Econkids

Rutgers University Project on Economics and Children

EconKids Home Older Children and Young Adults: 2011 How Ella Grew an Electric Guitar: A Girl's First Adventure in Business / by Orly Sade and Ellen Neuborne

How Ella Grew an Electric Guitar: A Girl's First Adventure in Business / by Orly Sade and Ellen Neuborne

 


Title:  How Ella Grew an Electric Guitar: A Girl's First Adventure in Business
Author: Orly Sade and Ellen Neuborne
Publisher:  CreateSpace
ISBN:  978-1461149903
Year:  2011

Concepts: saving, entrepreneurship, interest, banks, stocks, bonds, loans, marketing

Review: As the lead singer of the sixth grade's only rock band, Ella wanted just two things to make her experience even better: a date with the drummer and a new electric guitar. Getting the guitar seemed less intimidating, so Ella began with the guitar, even though it cost $229. Her parents, both white collar professionals, refused to just fork over the money, which meant Ella would need to figure out how to multiply her $25 in savings by close to a factor of ten.

Earning interest in a bank savings account would take much too long, investing her savings in the stock market seemed rather risky, and none of the local businesses would hire such  a young worker. Ella would need to start her own business, and what better way than to sell lemonade on a warm spring day. Even this approach, however, would entail some tough lessons when Ella initially jumped in too quickly and actually lost money on her first day of sales. Would she ever be able to grow enough money to finance that guitar?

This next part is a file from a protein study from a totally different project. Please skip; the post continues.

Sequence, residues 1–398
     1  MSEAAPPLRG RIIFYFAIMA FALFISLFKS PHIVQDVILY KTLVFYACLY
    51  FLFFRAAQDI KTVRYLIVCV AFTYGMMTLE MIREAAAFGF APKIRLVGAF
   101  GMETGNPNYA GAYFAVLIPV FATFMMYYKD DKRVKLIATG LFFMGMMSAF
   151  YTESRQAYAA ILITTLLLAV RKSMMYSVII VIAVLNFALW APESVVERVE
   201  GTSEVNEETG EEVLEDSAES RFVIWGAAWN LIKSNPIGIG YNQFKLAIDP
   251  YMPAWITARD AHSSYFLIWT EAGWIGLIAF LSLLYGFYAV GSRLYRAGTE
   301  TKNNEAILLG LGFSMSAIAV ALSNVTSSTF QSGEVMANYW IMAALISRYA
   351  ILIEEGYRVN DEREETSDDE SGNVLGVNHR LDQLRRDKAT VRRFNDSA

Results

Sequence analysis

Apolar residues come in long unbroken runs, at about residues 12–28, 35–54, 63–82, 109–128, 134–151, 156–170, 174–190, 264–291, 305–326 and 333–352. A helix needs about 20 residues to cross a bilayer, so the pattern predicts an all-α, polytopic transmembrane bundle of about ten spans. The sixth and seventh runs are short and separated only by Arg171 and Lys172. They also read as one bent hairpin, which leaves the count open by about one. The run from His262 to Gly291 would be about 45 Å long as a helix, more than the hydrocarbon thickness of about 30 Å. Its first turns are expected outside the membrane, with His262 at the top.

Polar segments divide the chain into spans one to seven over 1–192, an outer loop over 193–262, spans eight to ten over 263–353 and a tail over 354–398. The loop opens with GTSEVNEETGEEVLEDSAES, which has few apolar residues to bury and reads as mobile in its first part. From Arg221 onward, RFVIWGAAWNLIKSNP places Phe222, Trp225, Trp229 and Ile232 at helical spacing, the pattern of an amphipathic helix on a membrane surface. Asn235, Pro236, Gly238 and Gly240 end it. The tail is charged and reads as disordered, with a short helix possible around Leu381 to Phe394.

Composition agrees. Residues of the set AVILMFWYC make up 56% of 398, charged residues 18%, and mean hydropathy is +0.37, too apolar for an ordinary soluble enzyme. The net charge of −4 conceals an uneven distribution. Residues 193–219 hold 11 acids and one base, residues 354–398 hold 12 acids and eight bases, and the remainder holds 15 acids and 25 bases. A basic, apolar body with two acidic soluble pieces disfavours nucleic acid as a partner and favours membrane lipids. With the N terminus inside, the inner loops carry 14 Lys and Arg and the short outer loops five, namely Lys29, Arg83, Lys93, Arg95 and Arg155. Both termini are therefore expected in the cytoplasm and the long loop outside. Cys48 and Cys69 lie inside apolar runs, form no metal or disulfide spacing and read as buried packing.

Written by two authors with extensive backgrounds in business and finance, this pleasant story provides a readymade crash course in raising money for a particular goal, in this case the purchase of a relatively expensive consumer good. Conversations in the book between the lead character and her money-savvy family members are the main vehicle for serving up a number of lessons related to interest rates, stocks, bonds, loans, entrepreneurship, and marketing. The book makes a useful resource for teachers and parents seeking to branch out beyond traditional textbooks for teaching these important concepts.  

Review by:  Rutgers University Project on Economics and Children

How to Get This Book